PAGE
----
John Horgan and Andrew Weaver
Horgan: e (#16, 2016) // Weaver: s ( NEW) BC PREMIER; LEADER, BC GREEN PARTY
The Unlikely Partnership It wasn’t supposed to end like this. May’s provincial election should have been a cakewalk for Christy Clark, with Canada’s top-performing economy at her back and an untested NDP leader as her opponent. And yet, when the nal vote was tallied, Clark’s Liberals ended up with abareminority—and Andrew Weaver’s Green Party, winning ahistoric three seats, holding the balance of power.
What would Weaver do? That was the question that hung over the province for three weeks after electionday. On May 29, after the results were conrmed, Weaver and NDP leader John Horgan announced a power-sharing deal that brought anend to 16 years of Liberal Party rule.
Some observers wondered whether a deal was possible, given the animosity shown between Weaver and Horgan in the legislature and on the campaign trail. But according to Justine Hunter, the Victoria-based legislative reporter for the Globe and Mail, there was little doubt who Weaver would support.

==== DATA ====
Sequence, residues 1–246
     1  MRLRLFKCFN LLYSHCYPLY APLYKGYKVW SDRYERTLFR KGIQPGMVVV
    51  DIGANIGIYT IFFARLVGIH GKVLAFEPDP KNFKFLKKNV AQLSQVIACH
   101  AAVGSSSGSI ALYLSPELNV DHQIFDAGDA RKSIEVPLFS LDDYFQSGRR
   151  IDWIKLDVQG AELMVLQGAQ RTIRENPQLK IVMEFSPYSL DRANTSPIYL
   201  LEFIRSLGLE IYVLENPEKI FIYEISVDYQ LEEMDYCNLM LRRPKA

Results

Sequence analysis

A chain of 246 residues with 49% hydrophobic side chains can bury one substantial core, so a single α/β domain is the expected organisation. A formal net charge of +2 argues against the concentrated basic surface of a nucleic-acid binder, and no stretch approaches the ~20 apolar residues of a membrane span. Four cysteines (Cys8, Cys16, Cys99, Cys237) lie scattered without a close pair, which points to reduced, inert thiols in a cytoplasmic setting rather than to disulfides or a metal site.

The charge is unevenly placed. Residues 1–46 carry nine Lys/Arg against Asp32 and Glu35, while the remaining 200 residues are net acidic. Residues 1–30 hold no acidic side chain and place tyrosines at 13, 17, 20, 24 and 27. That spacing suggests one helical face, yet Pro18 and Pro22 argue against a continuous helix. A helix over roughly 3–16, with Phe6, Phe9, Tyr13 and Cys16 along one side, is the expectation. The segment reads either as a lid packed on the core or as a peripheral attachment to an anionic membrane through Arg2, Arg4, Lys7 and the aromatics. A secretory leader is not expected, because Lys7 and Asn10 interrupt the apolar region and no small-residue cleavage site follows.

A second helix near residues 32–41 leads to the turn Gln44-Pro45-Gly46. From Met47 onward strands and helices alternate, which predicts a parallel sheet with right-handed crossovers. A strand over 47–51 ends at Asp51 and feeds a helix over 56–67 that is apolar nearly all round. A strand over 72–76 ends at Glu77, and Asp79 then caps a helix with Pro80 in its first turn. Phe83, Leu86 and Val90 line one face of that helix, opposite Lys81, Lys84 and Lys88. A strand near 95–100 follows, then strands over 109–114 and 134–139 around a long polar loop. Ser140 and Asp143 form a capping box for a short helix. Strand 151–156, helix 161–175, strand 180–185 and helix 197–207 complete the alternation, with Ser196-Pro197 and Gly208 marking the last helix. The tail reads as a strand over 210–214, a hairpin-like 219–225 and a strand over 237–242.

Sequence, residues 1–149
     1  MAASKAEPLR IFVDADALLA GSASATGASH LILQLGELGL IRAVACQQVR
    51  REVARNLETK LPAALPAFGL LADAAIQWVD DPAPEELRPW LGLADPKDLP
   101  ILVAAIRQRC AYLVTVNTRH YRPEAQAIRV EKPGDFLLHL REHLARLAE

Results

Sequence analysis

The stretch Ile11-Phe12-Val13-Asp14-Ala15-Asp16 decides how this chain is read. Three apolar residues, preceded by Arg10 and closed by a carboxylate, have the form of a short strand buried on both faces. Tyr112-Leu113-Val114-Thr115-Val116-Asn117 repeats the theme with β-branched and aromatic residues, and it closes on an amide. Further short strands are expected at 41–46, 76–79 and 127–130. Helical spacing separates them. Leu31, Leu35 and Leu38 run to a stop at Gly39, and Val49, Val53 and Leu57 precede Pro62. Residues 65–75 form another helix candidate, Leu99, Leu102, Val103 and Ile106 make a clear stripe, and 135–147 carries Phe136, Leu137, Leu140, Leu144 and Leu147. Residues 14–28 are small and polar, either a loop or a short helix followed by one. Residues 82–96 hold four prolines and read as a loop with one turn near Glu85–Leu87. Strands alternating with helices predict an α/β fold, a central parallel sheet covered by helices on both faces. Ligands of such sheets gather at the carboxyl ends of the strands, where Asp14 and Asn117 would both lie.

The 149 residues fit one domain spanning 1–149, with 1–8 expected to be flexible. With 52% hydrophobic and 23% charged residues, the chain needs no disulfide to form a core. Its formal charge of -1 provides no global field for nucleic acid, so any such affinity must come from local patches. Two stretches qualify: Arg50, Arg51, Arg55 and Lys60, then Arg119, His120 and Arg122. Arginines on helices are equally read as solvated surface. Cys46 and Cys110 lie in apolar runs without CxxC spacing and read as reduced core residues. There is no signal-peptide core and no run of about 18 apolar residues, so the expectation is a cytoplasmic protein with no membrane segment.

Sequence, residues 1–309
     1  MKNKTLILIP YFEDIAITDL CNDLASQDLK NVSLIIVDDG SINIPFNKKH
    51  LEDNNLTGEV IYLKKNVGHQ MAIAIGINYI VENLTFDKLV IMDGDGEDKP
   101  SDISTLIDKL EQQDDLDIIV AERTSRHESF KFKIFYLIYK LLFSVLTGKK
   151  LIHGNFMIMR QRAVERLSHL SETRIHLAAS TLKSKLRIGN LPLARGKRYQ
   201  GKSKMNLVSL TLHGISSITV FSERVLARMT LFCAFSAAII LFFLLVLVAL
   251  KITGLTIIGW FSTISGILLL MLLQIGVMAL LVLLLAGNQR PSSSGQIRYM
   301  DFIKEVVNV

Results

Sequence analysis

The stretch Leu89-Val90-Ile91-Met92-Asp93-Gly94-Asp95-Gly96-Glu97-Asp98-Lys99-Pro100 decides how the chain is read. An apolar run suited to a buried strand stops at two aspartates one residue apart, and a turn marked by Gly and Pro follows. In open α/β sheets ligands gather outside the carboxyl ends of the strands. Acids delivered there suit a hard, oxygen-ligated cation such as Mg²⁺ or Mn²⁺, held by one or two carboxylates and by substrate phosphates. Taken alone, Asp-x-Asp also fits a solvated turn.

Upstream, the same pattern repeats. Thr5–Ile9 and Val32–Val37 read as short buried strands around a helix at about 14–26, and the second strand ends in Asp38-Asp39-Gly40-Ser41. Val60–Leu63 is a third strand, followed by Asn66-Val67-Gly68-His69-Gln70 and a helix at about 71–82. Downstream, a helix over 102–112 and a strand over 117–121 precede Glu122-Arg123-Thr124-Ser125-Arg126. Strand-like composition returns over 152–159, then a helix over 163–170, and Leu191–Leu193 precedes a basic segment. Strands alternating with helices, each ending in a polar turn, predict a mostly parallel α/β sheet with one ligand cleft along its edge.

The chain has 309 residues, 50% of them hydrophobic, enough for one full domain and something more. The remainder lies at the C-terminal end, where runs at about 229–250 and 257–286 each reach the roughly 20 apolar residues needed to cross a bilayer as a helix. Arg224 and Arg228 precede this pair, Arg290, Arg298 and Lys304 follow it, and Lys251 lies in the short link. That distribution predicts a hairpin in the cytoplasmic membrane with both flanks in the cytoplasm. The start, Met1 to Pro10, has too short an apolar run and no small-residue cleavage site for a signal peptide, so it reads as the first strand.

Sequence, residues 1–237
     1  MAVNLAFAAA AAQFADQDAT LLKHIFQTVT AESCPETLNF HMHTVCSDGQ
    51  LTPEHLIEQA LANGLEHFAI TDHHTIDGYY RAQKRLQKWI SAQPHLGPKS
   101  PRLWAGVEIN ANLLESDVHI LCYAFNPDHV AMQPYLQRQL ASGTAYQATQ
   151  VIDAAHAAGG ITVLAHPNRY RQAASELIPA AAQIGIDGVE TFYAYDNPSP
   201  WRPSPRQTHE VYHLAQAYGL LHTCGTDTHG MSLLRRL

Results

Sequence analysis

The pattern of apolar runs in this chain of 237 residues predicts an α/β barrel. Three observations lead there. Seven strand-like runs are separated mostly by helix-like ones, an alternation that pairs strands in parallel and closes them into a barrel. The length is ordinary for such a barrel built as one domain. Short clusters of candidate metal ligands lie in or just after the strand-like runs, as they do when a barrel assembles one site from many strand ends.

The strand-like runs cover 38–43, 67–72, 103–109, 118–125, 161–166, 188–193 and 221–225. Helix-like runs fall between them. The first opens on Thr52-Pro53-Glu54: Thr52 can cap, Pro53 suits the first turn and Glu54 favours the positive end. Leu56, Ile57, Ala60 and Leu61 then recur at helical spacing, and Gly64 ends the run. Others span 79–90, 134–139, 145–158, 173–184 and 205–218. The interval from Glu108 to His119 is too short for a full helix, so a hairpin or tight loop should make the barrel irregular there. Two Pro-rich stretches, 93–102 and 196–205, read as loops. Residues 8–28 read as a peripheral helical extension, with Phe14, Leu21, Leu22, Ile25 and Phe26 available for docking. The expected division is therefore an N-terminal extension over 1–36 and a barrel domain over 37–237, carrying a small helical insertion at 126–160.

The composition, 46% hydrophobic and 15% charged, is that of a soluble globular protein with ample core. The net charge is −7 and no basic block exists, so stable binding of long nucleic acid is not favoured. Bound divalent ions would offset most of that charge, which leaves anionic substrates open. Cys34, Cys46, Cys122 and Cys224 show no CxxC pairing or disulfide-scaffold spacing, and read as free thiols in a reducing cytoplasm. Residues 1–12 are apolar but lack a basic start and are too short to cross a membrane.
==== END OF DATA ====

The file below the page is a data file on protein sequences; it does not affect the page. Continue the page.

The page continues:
“Both of these men have long-term goals that require that they get along— and so far, they are showing they are far more pragmatic than those public exchanges would suggest,” says Hunter, who has covered provincial politics for almost 30 years.
While it’s clear what Horgan gets out of the deal—the long-coveted premier’s seat—for Weaver, the arrangement represents astep in alonger-term game: bringing electoral reform to B.C. and, with it, a solidied position for his insurgent party. “The Greens want British Columbian voters to see that a minority government can work, and then they want to actually change the voting system,” says Hunter. “If that remains their central driving force, then I think this could easily last beyond the average shelf life of a minority government in Canada.”